The Daily Regimen of Players in Professional Gaming
Video games are faster and more immersive than ever, which makes it easy to fantasize about the life of a pro gamer. So, how do esports players — and by extension esports teams — maintain a daily regimen that supports them to keep playing the games at which they excel? To answer these questions, we spoke to pro players of Overwatch*, Counter-Strike*: Global Offensive* (CS:GO), and League of Legends*.
Two pro gamers interviewed for this story — Lynnie “artStar” Noquez of Counter-Strike*: Global Offensive organization Team Dignitas* and League of Legends* team Clutch Gaming Academy’s* Cody Sun — both describe a daily regimen of about six to eight hours of structured team practice, which is always complemented by several more hours of self-directed practice. Noquez summed up a typical daily schedule:
I wake up around 11:00 AM and reply to all my work emails. Then I get ready around 12-1 PM, cook lunch with my fiancé, or sometimes go out to eat with his family. My afternoons are spent doing whatever I need to get done that day, whether it’s running errands, cleaning the house, prepping dinner, or if I’m lucky and did all that a different day, I usually spend time with family and friends. I do all of this until around 5:00 PM, and that’s when I start individual Counter-Strike* practice. I’ll watch a demo, review my nades, play some pugs or stream on Twitch*. Around 7:00 PM team practice with Dignitas* begins. We take a short break in the middle of practice for a dinner then end practice around 11:00 PM. Right after practice, I usually head straight to bed and repeat the next day for 5 days a week!
While other players might have team practice during the day instead of the evening, their routines were otherwise similar — finding large blocks of time to get as much gameplay time in as possible, then fitting in errands and other life events when they can.
Practice, Practice, Practice
What does all this practice time actually look like? Though esports pros’ training regimens might differ as much as their preferences in peripherals, there are some common practices shared between them.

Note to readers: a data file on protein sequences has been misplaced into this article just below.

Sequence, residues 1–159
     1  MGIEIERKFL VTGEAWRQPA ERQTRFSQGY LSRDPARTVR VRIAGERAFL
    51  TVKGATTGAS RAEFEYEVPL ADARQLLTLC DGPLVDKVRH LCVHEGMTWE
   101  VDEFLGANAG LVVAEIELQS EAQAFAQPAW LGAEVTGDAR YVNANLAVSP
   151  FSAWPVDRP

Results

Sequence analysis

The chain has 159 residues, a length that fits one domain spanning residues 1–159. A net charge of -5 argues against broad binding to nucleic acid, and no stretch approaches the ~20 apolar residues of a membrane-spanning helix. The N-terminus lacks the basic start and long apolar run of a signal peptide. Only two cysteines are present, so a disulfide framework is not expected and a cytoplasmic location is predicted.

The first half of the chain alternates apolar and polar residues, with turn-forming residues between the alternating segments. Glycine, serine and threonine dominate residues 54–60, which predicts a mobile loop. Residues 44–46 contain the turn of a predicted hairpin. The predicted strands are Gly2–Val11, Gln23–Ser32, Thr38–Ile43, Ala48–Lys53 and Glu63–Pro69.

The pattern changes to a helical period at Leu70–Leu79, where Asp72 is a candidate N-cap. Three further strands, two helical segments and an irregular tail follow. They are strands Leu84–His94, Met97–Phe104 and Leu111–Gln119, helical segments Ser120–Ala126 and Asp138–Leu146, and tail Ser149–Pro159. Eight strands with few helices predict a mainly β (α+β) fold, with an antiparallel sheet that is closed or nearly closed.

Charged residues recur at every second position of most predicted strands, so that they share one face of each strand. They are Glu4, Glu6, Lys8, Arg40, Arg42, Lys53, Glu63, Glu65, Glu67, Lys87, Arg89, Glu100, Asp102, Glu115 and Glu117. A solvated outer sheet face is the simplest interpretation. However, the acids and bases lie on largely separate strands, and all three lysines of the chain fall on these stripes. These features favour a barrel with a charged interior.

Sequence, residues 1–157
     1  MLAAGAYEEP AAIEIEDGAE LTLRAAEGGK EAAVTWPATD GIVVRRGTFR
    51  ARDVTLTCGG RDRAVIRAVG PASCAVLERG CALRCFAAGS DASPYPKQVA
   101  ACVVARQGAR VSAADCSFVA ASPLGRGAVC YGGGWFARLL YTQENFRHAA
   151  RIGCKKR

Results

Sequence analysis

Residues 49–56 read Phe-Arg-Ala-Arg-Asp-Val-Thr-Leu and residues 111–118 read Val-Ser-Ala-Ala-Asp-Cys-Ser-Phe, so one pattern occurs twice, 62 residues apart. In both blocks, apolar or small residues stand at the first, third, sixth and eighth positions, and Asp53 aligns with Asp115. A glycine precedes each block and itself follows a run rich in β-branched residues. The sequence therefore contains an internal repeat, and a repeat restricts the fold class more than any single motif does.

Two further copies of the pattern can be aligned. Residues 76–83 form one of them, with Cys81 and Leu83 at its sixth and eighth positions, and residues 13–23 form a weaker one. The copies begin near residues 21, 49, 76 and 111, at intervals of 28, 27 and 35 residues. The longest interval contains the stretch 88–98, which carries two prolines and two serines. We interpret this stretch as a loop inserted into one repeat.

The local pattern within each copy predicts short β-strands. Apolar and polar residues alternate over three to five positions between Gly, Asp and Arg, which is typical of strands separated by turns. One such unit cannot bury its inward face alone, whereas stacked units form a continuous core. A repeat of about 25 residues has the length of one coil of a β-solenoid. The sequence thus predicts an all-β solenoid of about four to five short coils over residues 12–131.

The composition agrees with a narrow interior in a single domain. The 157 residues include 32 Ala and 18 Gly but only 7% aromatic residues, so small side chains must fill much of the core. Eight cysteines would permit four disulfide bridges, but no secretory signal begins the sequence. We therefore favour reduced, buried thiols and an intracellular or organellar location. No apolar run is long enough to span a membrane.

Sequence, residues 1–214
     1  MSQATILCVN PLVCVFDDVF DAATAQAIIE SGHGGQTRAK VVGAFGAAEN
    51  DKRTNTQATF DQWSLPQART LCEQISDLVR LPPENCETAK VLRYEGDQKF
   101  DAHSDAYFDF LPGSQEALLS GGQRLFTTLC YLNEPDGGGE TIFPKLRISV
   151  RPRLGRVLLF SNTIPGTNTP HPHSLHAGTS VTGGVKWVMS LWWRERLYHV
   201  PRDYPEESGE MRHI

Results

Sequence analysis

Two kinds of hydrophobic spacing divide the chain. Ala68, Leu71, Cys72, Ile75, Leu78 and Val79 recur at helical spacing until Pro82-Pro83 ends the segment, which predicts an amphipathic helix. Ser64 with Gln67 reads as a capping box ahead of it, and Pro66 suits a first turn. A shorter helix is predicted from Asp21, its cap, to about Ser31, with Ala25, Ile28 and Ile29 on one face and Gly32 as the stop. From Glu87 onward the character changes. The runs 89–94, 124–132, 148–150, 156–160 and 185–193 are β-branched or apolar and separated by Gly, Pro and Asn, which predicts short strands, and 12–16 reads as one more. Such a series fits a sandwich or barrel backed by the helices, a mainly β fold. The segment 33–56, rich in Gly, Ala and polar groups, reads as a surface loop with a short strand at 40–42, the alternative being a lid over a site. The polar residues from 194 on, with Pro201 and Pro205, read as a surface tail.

For a well-established esport title like League of Legends*, practice time is essentially playing the same game that regular gamers play, over and over (and over) again.
While League of Legends* developer Riot Games* added an oft-requested practice mode to the game in 2017, Clutch Gaming Academy’s* Cody Sun says that top-tier players already have to be so good at all of the game’s different nitty-gritty mechanics like last-hitting (killing enemy minions at the right moment to maximize gold and XP intake) or flashing (teleporting short distances) that they don’t really run drills. Instead, they constantly scrimmage, or “scrim,” usually against each other or the other professional teams — the same ones they compete against in tournaments throughout each season. These games are all recorded and studiously pored over by the players, managers and coaches, looking for any areas of improvement or instances where team synergy is lagging.
Stay Active in the Real World
Esports players often stress the importance of physical exercise as part of their health regimen. For some, like Overwatch League’s* Eli “Elk” Gallagher, a fitness routine was something they’d only discovered in order to complement their training behind the keyboard.
Get Plenty of Rest and Relaxation
Cody Sun strives to maintain a proper sleep schedule, social life, and healthy mindset, rather than grinding out as many games as possible every single day.
“I do think that the most, or the best players in our industry are the ones that are able to find the best schedule for themselves, and, you know, be as efficient as they can with their lifestyle — practicing as well as exercising and eating well and having a decent social life as well,” he says.
Sun believes that the culture of esports has improved significantly — even just over the past two or three years — by embracing a more holistic approach to practicing and gaming. “It’s really hard for us to only have six hours of sleep and practice constantly. I feel like our current approach, or at least the direction of our approach, is making sure we have a healthy lifestyle, and healthy mindset, and then just be really efficient with the practice.”